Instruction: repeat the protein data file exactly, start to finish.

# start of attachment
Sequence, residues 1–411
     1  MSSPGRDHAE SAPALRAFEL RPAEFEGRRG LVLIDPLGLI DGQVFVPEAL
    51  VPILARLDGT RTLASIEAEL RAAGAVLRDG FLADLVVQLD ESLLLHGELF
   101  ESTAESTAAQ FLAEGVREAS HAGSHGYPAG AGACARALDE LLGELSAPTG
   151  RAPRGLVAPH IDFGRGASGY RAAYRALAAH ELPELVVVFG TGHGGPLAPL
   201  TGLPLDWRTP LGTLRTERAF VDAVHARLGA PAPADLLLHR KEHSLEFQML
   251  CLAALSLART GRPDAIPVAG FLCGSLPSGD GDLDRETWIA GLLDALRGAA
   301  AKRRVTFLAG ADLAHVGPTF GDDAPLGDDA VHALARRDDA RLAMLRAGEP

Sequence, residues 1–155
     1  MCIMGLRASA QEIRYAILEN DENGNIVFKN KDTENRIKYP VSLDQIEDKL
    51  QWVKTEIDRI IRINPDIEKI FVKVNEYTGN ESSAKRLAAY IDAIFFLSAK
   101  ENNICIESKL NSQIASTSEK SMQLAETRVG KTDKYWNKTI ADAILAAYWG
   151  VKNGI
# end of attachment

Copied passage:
Sequence, residues 1–411
     1  MSSPGRDHAE SAPALRAFEL RPAEFEGRRG LVLIDPLGLI DGQVFVPEAL
    51  VPILARLDGT RTLASIEAEL RAAGAVLRDG FLADLVVQLD ESLLLHGELF
   101  ESTAESTAAQ FLAEGVREAS HAGSHGYPAG AGACARALDE LLGELSAPTG
   151  RAPRGLVAPH IDFGRGASGY RAAYRALAAH ELPELVVVFG TGHGGPLAPL
   201  TGLPLDWRTP LGTLRTERAF VDAVHARLGA PAPADLLLHR KEHSLEFQML
   251  CLAALSLART GRPDAIPVAG FLCGSLPSGD GDLDRETWIA GLLDALRGAA
   301  AKRRVTFLAG ADLAHVGPTF GDDAPLGDDA VHALARRDDA RLAMLRAGEP

Sequence, residues 1–155
     1  MCIMGLRASA QEIRYAILEN DENGNIVFKN KDTENRIKYP VSLDQIEDKL
    51  QWVKTEIDRI IRINPDIEKI FVKVNEYTGN ESSAKRLAAY IDAIFFLSAK
   101  ENNICIESKL NSQIASTSEK SMQLAETRVG KTDKYWNKTI ADAILAAYWG
   151  VKNGI